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St. Lucie County balks at proposed wind farm 

Since taking office over a year ago, Florida Gov. Charlie Crist has become a leader in trying to reduce the state’s use of greenhouse gases.

In his new proposed budget, he is “encouraging” the state Legislature to invest $50-million in solar, wind and other renewable energies, much to the delight of environmentalists.

Now the state’s largest public utility, Florida Power & Light, has proposed building a line of nine wind turbines along an Atlantic Ocean beach in St. Lucie County. But three of those turbines would be built on publicly owned land bought for conservation purposes, which has led to considerable opposition.

Eric Silagy from FP&L went before St. Lucie County commissioners last week to extol the virtues of the company’s plan.

But there is virtually no popular support among members of the St. Lucie County community. And certainly not by environmentalists.

Much of that has to do with the fact that three of nine turbines FP&L wants to install are on state-owned environmentally sensitive land called Blind Creek Park. In 1994, St. Lucie voters agreed to additional taxes so the county could purchase the land for conservation purposes.

Some of the biggest environmental groups in the state have registered their disapproval with the plan, saying it will kill birds and be unattractive.

A similar battle has gone on for years in Massachusetts Cape Cod area, against a proposed wind turbine farm. But St. Lucie County Commissioner Doug Coward says the energy that would be derived from the wind turbines simply won’t adequately provide that much power – if it could even work.

Citizens in the area also say they haven’t been given straight answers from FP&L, the state’s largest public utility company.

Both the St. Lucie County Commission and the state Lands Committee need to give approval before the project can go forward. County Commissioners put the issue on their agenda last week when it appeared that the state was going to vote on it.

Ericka D’Avanzo is the Florida regional manager of the Surfrider Foundation, which helped organize opposition to the proposal. She says the power company has failed to present a clear package to the community.

WMNF contact Florida Power & Light on Tuesday to get more information about the wind farm proposal. We were informed we would get a response for some specific questions, but then late in the day were told: “At this time, there’s really nothing new to report on the project.”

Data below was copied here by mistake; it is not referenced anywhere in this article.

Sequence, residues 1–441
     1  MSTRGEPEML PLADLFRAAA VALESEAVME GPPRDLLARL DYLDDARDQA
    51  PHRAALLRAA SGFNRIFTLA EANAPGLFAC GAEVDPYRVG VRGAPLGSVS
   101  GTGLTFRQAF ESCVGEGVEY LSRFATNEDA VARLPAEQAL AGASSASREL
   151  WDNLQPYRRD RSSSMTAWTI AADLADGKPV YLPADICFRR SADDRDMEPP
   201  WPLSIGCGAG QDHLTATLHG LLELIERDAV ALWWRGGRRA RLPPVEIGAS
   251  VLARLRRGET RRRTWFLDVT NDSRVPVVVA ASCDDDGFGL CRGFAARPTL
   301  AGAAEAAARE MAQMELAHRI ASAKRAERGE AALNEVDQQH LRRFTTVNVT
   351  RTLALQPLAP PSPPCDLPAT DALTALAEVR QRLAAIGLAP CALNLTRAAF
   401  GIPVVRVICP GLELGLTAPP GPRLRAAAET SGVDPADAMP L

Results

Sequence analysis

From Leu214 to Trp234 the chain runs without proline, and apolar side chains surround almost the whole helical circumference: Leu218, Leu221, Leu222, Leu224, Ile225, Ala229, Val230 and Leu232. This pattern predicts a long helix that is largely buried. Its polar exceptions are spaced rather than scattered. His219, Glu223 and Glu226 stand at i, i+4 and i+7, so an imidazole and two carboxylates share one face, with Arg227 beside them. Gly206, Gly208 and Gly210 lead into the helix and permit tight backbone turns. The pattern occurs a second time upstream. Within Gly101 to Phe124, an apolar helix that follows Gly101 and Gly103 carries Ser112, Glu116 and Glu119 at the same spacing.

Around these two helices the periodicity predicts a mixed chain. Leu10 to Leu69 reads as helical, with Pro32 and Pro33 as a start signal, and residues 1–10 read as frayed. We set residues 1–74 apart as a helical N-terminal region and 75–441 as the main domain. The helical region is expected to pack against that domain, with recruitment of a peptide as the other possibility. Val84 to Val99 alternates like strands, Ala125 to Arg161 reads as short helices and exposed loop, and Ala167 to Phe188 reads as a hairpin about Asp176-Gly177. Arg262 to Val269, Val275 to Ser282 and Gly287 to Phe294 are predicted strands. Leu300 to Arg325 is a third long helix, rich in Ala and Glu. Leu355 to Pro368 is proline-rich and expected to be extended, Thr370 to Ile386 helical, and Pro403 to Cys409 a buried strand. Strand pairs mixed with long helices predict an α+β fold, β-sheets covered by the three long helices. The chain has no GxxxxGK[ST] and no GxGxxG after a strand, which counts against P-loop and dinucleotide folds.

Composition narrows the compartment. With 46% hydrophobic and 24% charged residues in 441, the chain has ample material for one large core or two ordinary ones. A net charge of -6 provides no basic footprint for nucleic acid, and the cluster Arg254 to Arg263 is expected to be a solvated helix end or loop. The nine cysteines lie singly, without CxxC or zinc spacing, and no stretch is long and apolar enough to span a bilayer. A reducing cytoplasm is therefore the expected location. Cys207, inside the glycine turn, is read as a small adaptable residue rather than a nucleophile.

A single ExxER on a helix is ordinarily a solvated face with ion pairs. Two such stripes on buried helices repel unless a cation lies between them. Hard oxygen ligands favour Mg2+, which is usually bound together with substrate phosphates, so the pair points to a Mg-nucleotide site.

Regarding using the environmentally sensitive land, FP&L official Eric Silagy said last week his company was willing to purchase other land to give to the county for those purposes.

Those who spoke out against the plan last week were skeptical of that tradeoff.

With Florida’s population expected to grow, Florida will need more sources of energy. Environmentalists have argued that those sources should be clean, free of greenhouse gas emissions that contribute to climate change.

Upon learning of the opposition to the wind farm, one local environmentalist criticized the immediate rejection of it, telling colleagues in an e-mail: “Shouldn’t we just back off on this one … In my humble opinion, we are looking like a bunch of clowns.”

But when contacted by WMNF, the official, who works for the Sierra Club, said he was not authorized to speak about the issue.

D’Avanzo from the Surfrider Foundation says simply many people don’t believe that FP&L is sincere, going back two years to a previous request for a plant.

And Commissioner Coward says the state needs to move forward on alternative sources of energy; but he isn’t sure that state officials have thought clearly enough on how to go about it.

Discussions about the wind farm are expected to continue for months.

By Mitch E. Perry

WMNF 88.5 FM

20 February 2008

This article is the work of the source indicated. Any opinions expressed in it are not necessarily those of National Wind Watch.

The copyright of this article resides with the author or publisher indicated. As part of its noncommercial educational effort to present the environmental, social, scientific, and economic issues of large-scale wind power development to a global audience seeking such information, National Wind Watch endeavors to observe “fair use” as provided for in section 107 of U.S. Copyright Law and similar “fair dealing” provisions of the copyright laws of other nations. Send requests to excerpt, general inquiries, and comments via e-mail.

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